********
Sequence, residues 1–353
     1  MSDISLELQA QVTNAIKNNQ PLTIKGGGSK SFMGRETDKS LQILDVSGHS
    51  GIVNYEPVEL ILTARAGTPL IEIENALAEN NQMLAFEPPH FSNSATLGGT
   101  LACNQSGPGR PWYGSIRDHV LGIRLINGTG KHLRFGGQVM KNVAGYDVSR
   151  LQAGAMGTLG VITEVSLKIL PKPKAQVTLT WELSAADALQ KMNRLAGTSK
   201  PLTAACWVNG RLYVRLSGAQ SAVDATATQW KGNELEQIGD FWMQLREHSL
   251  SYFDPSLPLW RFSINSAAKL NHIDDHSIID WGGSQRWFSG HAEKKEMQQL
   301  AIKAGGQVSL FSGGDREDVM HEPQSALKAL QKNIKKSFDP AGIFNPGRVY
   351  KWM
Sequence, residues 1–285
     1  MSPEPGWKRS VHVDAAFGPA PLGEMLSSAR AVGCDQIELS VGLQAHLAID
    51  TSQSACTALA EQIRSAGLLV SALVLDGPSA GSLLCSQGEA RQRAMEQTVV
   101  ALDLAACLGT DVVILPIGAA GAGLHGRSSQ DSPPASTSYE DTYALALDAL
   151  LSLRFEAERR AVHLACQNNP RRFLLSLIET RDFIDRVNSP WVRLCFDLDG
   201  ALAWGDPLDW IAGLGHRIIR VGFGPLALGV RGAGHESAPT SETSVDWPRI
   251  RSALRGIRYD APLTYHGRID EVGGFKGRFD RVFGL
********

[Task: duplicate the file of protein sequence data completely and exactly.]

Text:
Sequence, residues 1–353
     1  MSDISLELQA QVTNAIKNNQ PLTIKGGGSK SFMGRETDKS LQILDVSGHS
    51  GIVNYEPVEL ILTARAGTPL IEIENALAEN NQMLAFEPPH FSNSATLGGT
   101  LACNQSGPGR PWYGSIRDHV LGIRLINGTG KHLRFGGQVM KNVAGYDVSR
   151  LQAGAMGTLG VITEVSLKIL PKPKAQVTLT WELSAADALQ KMNRLAGTSK
   201  PLTAACWVNG RLYVRLSGAQ SAVDATATQW KGNELEQIGD FWMQLREHSL
   251  SYFDPSLPLW RFSINSAAKL NHIDDHSIID WGGSQRWFSG HAEKKEMQQL
   301  AIKAGGQVSL FSGGDREDVM HEPQSALKAL QKNIKKSFDP AGIFNPGRVY
   351  KWM
Sequence, residues 1–285
     1  MSPEPGWKRS VHVDAAFGPA PLGEMLSSAR AVGCDQIELS VGLQAHLAID
    51  TSQSACTALA EQIRSAGLLV SALVLDGPSA GSLLCSQGEA RQRAMEQTVV
   101  ALDLAACLGT DVVILPIGAA GAGLHGRSSQ DSPPASTSYE DTYALALDAL
   151  LSLRFEAERR AVHLACQNNP RRFLLSLIET RDFIDRVNSP WVRLCFDLDG
   201  ALAWGDPLDW IAGLGHRIIR VGFGPLALGV RGAGHESAPT SETSVDWPRI
   251  RSALRGIRYD APLTYHGRID EVGGFKGRFD RVFGL